Imperial College London


Faculty of MedicineNational Heart & Lung Institute

Professor of Cardiac Electrophysiology



+44 (0)20 7594 2735c.terracciano Website CV




430ICTEM buildingHammersmith Campus




The Cell Electrophysiology Lab


The Cell Electrophysiology Lab is based at the Imperial College London National Heart and Lung InstituteMyocardial Function and is part of the British Heart Foundation Cardiovascular Regenerative Centre. Research within the laboratory aims to investigate the electrophysiology of heart failure and the consequences of treatment on the contractile and electrical properties of the heart. One major interest of the lab is the process of calcium regulation which links the electrical and mechanical activity of the cardiac myocyte (excitation-contraction coupling).

lab meet

The group’s research focuses on the mechanisms of myocardial regeneration following mechanical device or stem and gene therapy, and the cellular and molecular mechanisms of arrhythmias. The major themes are the effects of changes in mechanical load on myocardial structure and function, the role of heterocellularity in cardiomyocyte physiology and disease, the plasticity of human pluripotent stem cell-derived cardiac myocytes (iPSC-CMs) in response to biological and physical stimuli, iPSC-CM integration in adult myocardium and the study of suitable cardiac tissue engineered constructs, the identification of factors that control structure and function in myocardial tissue. These aspects are studied using different models: single cells such as isolated cardiomyocytes, combination of different cell types (cardiomyocytes and fibroblasts or endothelial cells), combination of cells with three dimensional scaffolds, multicellular preparation such as myocardial slices, and Langendorff-perfused and normally loaded working whole heart and in vivo animal models.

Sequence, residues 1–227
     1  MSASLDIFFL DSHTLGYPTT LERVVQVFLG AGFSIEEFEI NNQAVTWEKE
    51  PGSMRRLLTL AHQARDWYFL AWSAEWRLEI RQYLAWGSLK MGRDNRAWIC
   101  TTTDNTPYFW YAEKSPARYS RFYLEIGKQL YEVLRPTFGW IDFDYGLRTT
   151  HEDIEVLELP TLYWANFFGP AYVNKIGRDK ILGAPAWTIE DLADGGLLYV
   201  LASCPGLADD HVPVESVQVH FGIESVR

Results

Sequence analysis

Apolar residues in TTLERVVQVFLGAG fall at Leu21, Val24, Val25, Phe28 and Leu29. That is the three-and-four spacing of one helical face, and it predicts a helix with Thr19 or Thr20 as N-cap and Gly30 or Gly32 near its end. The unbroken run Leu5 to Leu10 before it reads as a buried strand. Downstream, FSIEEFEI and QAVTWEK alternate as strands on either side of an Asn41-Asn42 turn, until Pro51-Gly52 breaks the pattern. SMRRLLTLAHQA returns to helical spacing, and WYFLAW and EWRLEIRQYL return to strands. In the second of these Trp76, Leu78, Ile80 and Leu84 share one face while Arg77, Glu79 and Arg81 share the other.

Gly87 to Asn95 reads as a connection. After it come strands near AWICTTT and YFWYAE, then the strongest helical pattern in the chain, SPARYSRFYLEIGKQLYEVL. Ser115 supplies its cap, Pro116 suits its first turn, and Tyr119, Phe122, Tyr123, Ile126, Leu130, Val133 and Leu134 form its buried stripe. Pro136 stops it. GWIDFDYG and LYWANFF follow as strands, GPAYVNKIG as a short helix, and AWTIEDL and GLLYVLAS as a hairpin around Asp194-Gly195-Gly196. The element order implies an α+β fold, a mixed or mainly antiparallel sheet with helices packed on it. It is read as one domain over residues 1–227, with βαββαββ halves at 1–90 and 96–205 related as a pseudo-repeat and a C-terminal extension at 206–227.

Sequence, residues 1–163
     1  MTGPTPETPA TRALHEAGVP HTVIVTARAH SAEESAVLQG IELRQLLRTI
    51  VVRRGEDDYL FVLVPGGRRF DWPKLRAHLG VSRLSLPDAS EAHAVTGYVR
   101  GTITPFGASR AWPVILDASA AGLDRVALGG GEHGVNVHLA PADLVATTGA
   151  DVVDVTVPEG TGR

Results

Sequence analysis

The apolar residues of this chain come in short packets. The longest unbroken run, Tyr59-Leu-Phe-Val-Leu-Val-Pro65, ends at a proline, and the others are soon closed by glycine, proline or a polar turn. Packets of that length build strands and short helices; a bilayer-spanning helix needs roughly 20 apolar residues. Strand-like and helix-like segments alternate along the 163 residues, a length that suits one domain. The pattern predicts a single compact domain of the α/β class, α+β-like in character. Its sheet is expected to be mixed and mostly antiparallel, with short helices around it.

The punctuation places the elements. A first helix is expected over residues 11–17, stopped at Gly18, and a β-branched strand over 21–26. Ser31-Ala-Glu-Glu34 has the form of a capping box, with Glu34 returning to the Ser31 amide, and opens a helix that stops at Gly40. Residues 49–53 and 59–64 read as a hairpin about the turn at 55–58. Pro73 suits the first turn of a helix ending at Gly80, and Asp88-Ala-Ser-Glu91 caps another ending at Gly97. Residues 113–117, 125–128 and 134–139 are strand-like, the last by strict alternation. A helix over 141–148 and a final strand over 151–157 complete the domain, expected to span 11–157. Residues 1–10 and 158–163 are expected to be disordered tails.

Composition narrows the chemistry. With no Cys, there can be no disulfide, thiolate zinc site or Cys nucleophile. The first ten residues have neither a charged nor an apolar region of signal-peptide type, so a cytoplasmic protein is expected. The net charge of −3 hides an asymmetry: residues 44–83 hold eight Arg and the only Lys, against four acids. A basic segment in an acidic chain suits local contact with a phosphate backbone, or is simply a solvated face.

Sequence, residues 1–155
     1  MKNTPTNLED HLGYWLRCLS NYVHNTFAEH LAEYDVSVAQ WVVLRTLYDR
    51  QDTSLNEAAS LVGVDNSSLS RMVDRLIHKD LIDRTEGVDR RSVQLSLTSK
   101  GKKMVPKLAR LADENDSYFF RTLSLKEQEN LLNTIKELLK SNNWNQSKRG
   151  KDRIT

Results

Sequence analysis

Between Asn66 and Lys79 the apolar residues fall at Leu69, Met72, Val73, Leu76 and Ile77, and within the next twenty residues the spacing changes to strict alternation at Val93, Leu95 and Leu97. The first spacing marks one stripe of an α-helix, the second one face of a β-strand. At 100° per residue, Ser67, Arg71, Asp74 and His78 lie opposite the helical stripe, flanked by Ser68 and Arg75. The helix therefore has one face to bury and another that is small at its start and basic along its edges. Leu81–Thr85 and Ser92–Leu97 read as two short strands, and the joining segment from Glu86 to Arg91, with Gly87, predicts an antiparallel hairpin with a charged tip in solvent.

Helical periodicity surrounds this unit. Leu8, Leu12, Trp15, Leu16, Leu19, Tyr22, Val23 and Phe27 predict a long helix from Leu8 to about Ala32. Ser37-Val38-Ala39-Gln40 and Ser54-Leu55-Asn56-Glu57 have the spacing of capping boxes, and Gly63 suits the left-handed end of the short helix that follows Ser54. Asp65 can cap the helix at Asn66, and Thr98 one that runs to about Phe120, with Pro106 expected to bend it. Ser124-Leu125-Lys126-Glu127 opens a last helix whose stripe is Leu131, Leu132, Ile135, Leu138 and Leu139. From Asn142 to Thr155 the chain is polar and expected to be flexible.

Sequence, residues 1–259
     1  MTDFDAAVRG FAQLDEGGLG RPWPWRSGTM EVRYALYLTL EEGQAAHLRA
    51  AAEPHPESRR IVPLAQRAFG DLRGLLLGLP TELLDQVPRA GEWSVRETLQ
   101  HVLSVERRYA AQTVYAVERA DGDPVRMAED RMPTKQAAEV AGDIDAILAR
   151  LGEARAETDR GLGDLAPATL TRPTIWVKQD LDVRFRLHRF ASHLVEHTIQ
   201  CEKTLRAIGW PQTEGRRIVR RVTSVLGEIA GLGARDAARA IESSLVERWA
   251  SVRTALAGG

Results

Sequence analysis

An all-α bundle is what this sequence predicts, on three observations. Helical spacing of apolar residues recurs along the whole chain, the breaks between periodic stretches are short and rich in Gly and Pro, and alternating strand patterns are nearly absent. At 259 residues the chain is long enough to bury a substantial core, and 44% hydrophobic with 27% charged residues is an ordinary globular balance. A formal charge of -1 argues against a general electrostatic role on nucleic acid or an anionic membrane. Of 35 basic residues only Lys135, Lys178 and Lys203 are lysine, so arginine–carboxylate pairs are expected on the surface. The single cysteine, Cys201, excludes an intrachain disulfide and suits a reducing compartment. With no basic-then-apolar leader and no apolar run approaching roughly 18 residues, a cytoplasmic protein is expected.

Selected publications from the Cell Electrophysiology Group in the last few months:

Heart failure

show research